"There'd always be more life to live, more summers to come, more love to give and take."

I've been caught in a state of remembering and forgetting things. Trying to decide what memories are worth holding onto, and which memories I should let fall away. The things we have, we won't always have, and I forget that. It's easier to keep on moving through life without certain memories hitched to you, but the truth is when you forget everything, you lose the good right on with the bad. I've never minded this because I always knew I could create more memories. There'd always be more life to live, more summers to come, more love to give and take. 

But this thinking, while not technically wrong, I think, has made me ungrateful. When you assume there will always be more of something — friendship, money, days of summer — you don't regard what you have in the present with as much reverence as it deserves. And this is why I've been digging through my memories. I don't want anything back, but I do want to practice gratefulness for what I've experienced. Life has kept me moving and going and achieving, just knowing there'll be more of everything to come. The only thing is I don't know when and I don't know how, and this banking on the future has left me diminishing my past. 

I won't get any summer days back, but flirting with the few warm days between it and fall gave me a chance to mourn them, but also to be grateful for them. Now I can unpack my sweaters.

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What is the emotional equivalent of a blazer?


We are in what is known as the transitional time of the year. You’ll see the headlines everywhere — How To Transition Your Wardrobe For Fall or 9 Style Staples You Need To Take You From Summer To Fall — and they’re not entirely unhelpful. This summer I became enamored with grandma-inspired night slips and I would’ve lamented their loss if I thought I couldn’t wear them for just a little bit longer. Thankfully, an oversized blazer proved to be just the styling tip I needed to transition it from wispy summer goddess to office ready business lady.

But these couple of weeks, while the temperatures have been cooling and leaves have been flirting with changing their color, I’ve also been going through a more internal transitional stage: the one from a pessimistic worrier to a positive being of love and light. 

"The minute I feel myself about to go into a deep thought spiral, I literally say, 'okay bitch, this is not productive. You need to not.'"

You see, my brain has been at constant battle. I’ve always been one to let my thoughts carry me miles from where I am. It’s what helps me as a writer, but it’s also what leads me to my most negative thoughts. And, in an effort to, oh I don’t know, be a better, happier human, I’ve been trying to stop those thoughts before they lead me into self-induced bad moods.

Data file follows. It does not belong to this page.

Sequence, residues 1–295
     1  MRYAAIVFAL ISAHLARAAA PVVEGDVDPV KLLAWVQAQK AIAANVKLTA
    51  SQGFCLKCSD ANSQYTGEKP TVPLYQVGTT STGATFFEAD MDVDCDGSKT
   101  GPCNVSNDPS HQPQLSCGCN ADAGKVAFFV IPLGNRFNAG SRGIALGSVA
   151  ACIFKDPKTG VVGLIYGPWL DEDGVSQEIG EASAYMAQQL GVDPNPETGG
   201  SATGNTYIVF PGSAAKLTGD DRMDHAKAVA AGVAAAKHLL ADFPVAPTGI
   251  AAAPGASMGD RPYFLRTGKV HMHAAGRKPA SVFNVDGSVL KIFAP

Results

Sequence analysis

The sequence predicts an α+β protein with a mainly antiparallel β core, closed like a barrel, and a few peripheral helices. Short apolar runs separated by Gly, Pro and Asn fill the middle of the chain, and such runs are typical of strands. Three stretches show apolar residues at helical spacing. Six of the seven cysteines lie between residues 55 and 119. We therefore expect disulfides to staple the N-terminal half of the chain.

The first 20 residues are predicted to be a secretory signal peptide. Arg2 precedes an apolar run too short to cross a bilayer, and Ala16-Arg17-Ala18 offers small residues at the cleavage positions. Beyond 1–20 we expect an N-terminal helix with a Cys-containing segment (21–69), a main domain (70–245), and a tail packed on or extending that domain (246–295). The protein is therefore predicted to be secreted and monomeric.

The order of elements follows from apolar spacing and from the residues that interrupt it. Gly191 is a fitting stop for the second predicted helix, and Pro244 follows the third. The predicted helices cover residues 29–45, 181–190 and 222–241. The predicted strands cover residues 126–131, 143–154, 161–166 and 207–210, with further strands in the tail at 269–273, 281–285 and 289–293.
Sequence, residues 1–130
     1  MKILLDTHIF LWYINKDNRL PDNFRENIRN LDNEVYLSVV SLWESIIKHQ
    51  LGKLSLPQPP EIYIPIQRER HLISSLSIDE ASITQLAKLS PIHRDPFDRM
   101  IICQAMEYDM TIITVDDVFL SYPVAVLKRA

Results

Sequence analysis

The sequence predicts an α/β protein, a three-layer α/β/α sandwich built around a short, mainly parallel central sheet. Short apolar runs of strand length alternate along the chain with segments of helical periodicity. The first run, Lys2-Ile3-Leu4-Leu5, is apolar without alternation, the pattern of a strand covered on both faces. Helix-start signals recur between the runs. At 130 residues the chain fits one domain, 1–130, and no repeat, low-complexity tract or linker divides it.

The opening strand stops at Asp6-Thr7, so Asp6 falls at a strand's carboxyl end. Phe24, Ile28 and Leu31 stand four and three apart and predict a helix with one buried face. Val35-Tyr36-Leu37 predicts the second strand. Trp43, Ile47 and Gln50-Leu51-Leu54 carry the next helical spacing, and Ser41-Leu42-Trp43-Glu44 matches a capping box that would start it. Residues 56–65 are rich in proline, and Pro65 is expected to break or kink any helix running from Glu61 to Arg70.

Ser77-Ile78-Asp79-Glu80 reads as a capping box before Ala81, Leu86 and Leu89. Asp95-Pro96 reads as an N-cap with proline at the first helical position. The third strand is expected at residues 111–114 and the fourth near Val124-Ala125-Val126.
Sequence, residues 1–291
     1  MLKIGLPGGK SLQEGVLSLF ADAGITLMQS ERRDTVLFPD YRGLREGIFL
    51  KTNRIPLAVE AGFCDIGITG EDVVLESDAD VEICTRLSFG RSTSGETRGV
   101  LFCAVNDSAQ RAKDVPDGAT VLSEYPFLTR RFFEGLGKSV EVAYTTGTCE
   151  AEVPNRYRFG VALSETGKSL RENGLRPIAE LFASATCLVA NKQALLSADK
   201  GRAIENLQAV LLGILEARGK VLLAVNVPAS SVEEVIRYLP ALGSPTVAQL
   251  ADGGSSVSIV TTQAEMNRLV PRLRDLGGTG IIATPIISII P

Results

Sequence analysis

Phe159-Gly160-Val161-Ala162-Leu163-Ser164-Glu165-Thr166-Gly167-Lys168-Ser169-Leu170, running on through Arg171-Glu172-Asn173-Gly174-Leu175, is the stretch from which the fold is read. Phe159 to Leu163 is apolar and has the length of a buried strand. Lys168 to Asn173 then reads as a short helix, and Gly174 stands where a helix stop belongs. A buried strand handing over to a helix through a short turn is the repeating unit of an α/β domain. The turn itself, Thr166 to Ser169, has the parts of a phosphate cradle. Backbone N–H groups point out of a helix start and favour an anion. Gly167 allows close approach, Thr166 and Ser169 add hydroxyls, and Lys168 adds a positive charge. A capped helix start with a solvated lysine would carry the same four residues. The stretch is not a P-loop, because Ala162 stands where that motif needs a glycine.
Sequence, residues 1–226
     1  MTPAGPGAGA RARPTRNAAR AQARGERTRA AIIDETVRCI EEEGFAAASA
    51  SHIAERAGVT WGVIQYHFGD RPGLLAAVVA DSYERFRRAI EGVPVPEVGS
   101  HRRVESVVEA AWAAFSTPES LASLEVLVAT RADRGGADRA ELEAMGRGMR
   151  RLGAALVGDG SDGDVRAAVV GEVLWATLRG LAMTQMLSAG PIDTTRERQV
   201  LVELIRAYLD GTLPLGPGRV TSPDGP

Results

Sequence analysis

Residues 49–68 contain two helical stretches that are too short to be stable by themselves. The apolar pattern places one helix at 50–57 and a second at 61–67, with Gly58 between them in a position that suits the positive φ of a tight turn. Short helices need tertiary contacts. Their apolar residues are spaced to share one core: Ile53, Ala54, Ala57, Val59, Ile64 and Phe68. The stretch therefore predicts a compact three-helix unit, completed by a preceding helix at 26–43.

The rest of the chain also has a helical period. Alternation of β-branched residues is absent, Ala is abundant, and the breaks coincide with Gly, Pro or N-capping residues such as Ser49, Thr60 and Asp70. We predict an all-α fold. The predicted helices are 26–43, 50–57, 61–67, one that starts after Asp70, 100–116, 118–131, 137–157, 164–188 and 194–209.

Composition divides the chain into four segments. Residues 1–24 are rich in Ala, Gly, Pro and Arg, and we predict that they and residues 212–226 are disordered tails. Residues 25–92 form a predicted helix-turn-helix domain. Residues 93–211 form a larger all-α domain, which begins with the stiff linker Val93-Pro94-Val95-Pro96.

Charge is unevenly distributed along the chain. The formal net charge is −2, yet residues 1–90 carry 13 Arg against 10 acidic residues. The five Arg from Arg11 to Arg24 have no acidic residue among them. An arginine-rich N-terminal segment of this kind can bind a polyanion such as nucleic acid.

The way I’ve figured to make this transition is by telling myself to shut up. The minute I feel myself about to go into a deep thought spiral, I literally say, “okay bitch, this is not productive. You need to not.” This is usually followed by me trying to insert a slew of positive, empathetic thoughts instead. Is this working? Honestly, not as well as throwing a blazer over a slip dress works, but that’s the thing about transitions isn’t it? They take time.


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Open up, buttercup


I've come a long way since I started blogging. I'm no longer the 22-year-old perfectionist keying away about what I hoped and planned my life would be or wearing outfits representative of who I thought I was meant to become. Now, I find myself keying away about what life actually is and who I actually am, fully embracing that all of this is subject to, and most likely will, change.  Being open to the changes of my life has made me more open in general — especially here. In a recent interview with Dame, I gave them a tour of my bedroom and shared a bit about my journey to self acceptance. Below is my favorite excerpt, but see the full piece here.

So, now that I don't have that regular validation of having someone directly in my life who's like "I like your body, I like the way you look, I like these things,” ...I have to do that for myself.


Women have complicated relationships with their bodies, but it can be especially entrenched for black women. I was wondering if you could speak a bit to the journey you're on within your own body, and maybe how you've had to reframe what society has dictated about beauty standards in order to better love yourself?

That's something that I'm only looking at now. I'm thinking big picture, like going back to puberty. Because the thing about becoming a woman and blossoming...is that it always happens through the eyes of someone else. That's why people say, "The Male Gaze." I knew that I had wider hips and that meant that I was "more of a woman" because men started reacting to it. So, one thing that I've realized, in terms of accepting my body, is now I'm accepting it on my own terms. This is the longest I've ever been single, aside from childhood. I had a high school boyfriend, a long term college boyfriend, and then after college, I've pretty much been single since. So, now that I don't have that regular validation of having someone directly in my life who's like "I like your body, I like the way you look, I like these things,” ...I have to do that for myself. And when I do that for myself, it's not the same way that a boyfriend would. Mind you, I totally like my ass, my hips, and my boobs...and yes, a guy can like that for his own sexual reasons but the reason I like those things is it makes me feel really feminine, and I'm really loving my femininity.